I am saddened by the Biblical account of Hagar and her plight. We see in Gen 21:9-10 that Sarah sees Ishmael "making sport" and that phrase is subject to a variety of negative connotations. I think it could mean he was just having innocent fun but our sages don't allow for that. Ok, but he was just a young teenager. Who among us at a young age were not involved in what some prudes might label as inappropriate behavior? The next verse is more clear about Sarah's intentions. She doesn't want Ishmael to get any of Abraham's inheritance. Yet our sages say she is perfect? To send a poor woman with her child out into the desert? It's not my idea of perfect. Abraham was heartbroken, that I can understand. G-d told him to listen to Sarah but G-d also allowed the Holocaust. We must ask and argue with G-d for justice and mercy. Let's not be like Noah. Our job is to struggle with G-d and ask, "Why did he make Hagar and Ismael suffer?" Besides, the Torah demands that the inheritance be divided.
Marty
Denver
November 13, 2012
Could U explain a little further/deeper?
How do you explain when physical beauty does not match inner character traits or despicable conduct? what is physical beauty a reflection of, then? Or on the opposite side, why some humans of flawless morals are sometimes so physically unattractive?
Rivka
NYC
November 13, 2012
Sarah's Daughters
Sarah's daughters? A question. Yet, YES, Sarah does have daughters. I find it touching that when a woman converts to Judaism that her mother legally becomes SARAH. (Her father becomes Abraham). I think that Sarah must be proud of having so many daughters. And, the daughters must be so proud to have Sarah be their mother. Abraham & Sarah didn't give birth to any daughters...and yet they have them. This concept touches my heart to its very core.
Anonymous
November 12, 2012
The Beauty of Sarah was very inspiring and I loved the additional comments about the soul and body. Thank you for your outstanding insights in Judaism.
suzy handler
November 11, 2012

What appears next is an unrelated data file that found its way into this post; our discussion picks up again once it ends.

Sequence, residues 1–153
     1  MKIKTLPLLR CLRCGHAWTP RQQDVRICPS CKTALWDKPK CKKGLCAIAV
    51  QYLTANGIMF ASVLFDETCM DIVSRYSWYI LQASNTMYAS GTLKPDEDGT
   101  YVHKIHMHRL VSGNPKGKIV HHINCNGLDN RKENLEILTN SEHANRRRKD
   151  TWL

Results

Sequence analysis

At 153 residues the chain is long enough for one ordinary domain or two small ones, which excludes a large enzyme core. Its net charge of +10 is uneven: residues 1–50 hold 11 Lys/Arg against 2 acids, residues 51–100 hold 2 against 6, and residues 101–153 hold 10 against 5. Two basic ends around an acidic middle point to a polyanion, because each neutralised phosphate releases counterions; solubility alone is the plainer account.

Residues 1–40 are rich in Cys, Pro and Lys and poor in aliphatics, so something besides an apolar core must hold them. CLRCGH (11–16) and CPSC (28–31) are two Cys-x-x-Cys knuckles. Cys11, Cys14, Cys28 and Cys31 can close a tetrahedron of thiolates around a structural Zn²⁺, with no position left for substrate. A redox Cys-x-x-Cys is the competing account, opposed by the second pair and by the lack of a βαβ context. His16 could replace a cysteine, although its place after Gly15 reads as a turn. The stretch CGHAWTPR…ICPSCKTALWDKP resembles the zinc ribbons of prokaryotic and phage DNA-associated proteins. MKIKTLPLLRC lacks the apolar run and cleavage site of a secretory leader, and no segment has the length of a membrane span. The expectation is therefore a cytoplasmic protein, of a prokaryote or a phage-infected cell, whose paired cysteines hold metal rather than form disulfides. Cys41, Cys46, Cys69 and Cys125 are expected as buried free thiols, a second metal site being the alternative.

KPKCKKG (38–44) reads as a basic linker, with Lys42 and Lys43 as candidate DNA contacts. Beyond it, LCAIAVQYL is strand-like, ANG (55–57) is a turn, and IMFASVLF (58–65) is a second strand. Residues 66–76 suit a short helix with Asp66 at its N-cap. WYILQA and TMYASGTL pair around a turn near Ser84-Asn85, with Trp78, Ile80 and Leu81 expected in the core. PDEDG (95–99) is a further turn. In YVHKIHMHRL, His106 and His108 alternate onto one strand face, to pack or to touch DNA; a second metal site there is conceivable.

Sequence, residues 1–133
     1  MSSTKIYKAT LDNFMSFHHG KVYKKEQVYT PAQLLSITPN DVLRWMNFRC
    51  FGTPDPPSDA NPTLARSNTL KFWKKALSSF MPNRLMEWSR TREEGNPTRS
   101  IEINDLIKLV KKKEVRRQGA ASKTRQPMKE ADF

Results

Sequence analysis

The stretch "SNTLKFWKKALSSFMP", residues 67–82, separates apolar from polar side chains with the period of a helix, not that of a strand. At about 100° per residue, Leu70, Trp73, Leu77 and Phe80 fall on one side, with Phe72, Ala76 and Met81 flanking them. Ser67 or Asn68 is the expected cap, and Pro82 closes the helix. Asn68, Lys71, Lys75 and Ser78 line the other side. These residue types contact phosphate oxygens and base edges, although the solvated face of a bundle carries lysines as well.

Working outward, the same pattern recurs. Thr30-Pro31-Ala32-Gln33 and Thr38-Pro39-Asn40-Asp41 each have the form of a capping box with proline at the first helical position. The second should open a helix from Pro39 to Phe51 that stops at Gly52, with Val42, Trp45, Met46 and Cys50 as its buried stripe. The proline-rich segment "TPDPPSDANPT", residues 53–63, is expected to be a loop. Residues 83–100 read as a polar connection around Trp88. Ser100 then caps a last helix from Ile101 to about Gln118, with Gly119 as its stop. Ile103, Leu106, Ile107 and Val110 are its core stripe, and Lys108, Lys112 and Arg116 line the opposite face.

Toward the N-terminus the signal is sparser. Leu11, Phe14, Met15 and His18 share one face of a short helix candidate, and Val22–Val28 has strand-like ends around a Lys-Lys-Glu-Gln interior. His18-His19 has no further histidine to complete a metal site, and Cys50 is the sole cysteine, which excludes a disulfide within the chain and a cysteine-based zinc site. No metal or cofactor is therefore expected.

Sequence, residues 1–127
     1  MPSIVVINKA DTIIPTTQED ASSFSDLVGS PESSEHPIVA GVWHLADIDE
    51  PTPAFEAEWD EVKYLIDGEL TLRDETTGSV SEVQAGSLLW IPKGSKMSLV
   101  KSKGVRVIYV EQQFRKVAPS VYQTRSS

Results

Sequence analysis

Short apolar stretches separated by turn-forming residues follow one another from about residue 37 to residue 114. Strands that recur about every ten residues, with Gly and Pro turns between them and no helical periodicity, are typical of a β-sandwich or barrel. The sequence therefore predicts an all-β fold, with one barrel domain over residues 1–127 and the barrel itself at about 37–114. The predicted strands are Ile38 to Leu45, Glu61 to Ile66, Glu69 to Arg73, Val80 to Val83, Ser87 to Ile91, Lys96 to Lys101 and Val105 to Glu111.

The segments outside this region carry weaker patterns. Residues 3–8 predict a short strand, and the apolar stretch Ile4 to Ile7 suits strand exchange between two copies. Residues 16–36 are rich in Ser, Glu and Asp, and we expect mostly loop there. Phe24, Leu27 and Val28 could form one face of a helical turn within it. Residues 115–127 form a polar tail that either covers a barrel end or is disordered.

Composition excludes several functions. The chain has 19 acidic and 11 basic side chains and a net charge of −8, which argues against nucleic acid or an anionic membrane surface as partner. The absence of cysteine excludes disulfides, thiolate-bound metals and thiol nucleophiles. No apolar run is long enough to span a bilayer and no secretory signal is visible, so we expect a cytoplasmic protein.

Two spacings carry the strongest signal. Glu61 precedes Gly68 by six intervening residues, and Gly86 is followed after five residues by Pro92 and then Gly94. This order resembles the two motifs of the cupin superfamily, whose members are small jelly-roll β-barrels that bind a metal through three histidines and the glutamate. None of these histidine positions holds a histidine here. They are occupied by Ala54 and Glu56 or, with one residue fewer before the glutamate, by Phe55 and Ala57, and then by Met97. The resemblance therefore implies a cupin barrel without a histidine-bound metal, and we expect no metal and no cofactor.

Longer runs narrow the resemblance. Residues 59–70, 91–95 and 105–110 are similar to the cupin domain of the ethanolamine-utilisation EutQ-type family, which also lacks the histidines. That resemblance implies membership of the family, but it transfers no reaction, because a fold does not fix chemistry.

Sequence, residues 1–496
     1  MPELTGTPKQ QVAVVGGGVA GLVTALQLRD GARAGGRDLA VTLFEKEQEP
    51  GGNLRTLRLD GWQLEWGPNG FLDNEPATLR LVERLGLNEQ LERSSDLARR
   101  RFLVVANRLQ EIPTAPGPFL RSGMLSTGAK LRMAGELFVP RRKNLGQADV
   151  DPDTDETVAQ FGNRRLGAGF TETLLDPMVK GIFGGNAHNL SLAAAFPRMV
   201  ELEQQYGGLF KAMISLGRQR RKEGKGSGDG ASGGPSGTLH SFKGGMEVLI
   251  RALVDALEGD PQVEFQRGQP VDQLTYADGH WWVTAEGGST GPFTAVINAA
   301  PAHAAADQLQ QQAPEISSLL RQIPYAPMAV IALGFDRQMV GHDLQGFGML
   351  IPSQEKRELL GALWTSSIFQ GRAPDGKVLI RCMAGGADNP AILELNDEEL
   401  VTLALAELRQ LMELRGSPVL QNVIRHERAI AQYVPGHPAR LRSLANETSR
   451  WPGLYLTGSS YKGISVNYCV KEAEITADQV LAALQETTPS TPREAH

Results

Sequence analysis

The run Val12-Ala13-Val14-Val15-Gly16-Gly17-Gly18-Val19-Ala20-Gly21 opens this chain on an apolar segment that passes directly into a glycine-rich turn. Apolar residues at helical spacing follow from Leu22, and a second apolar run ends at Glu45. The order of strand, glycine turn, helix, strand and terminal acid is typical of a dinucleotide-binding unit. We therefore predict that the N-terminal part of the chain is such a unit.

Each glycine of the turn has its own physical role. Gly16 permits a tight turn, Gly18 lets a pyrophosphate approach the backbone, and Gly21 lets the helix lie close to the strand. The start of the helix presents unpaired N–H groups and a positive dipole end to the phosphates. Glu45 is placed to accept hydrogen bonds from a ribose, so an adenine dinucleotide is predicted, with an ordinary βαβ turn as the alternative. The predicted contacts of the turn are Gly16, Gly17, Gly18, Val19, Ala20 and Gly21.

Ishmael and Isaac
Ishmael a son born out of an adulterous relationship, and Isaac the son of the promise, And G-d telling Abrfaham, that in Isaac his seed will be called." Now because the descendants of Isaac are the children of the heir, Isaac being the rightfull heir, isnt this why the descendants of Ishmael Islam, constantly at war with the descendants of Isaac. This is what I was taught anyway, and the reason why the Muslim Islamic people want to drive the Jews into the sea? as they do not worship the Lord God of Israel, whom promised Abraham a son a rightfull heir. Even as children Ishmael made it difficult for Isaac.
Sylvia Commerford
Canada
November 11, 2012
Sarah
My late mother-in-law's name was Sarah. I don't think I've ever known a more patience, loving, and kind woman in my life. And she was a wonderful mother-in-law. Her name as princess was very fitting. Regarless of whatever the bible, torah, or any other testament may say.
Anonymous
Benicia, ca
jewishsolano.com
November 10, 2012
Response to Sylvia
My gut reaction to Sara's harsh treatment of Hagar, twice, was sympathy for Hagar. I see where you are coming from. Taps into the age old moral question - what's the appropriate reaction needed to rectify destructive behavior or influences. My instinct is one of lenience. But I suppose it is only G-d who could tell us what the ultimate moral call would be in each circumstance (wouldn't it be great to have a direct line!). In this case G-d was very clear and vocal - Sara was correct in sending away Hagar and G-d told Abraham to listen to her. G-d creates and defines morality.
Rochel Holzkenner
Fort Lauderdale
November 9, 2012
Flaws
The genius of the Torah is it's dedication to the truth. The Torah is replete with incidents that demonstrate the flaws of human beings.I believe that we are taught these things so that we can learn what to do and what not to do. How to raise ourselves when we are brought low and how to extinguish that which is evil and irredeemable. It is all relative and if you don't know what dark is you cannot know what is light.
Arthur Aaron
Ft. Lee, N.J.
chabadfortlee.com
November 8, 2012
beauty and Sarah
I will agree that Sarah was a beautiful woman, the Torah or Bible does tell us this, and that proper diet and care for the body is essential to radiate the beauty that comes from within. But I disagree that sarah was totally innocent, or sinless, She knew that Abraham was promised a son and she laughed as she was past the age of child bearing. She lost patience so that she send Hagar her maid into Abraham. Is she not tempting Abraham to have an adulterous relationship with her maid? One must look at all sides. and Abraham agreed, did he also doubt G-d's promise? Ishmael was born and Hagar made it miserable for Sarah. so Hagar was sent away, here abraham remained true to Sarah in abiding by her wishes. But as Isaac is the son of the promise, G-d does mention to Abraham in Isaac will your descendants be called. and that the son of the bond woman will not inherit with the son of the promise as Ishmael was conceived not out of faith,but losing trust and patience in the Lord G-d of Israel
Sylvia Commerford
November 8, 2012
Rochel, wow!
This is so perfect for my Shabbos table........I'm now always actively on the lookout for things that will touch the hearts of my new Ft Myers chevra..........a far cry from NMB, to say the least, but if the Rebbe sent me here.........I better do my job to the best of my ability! Thanks for the assistance!
Malka (Hellinger) Forshner
Ft Myers, FL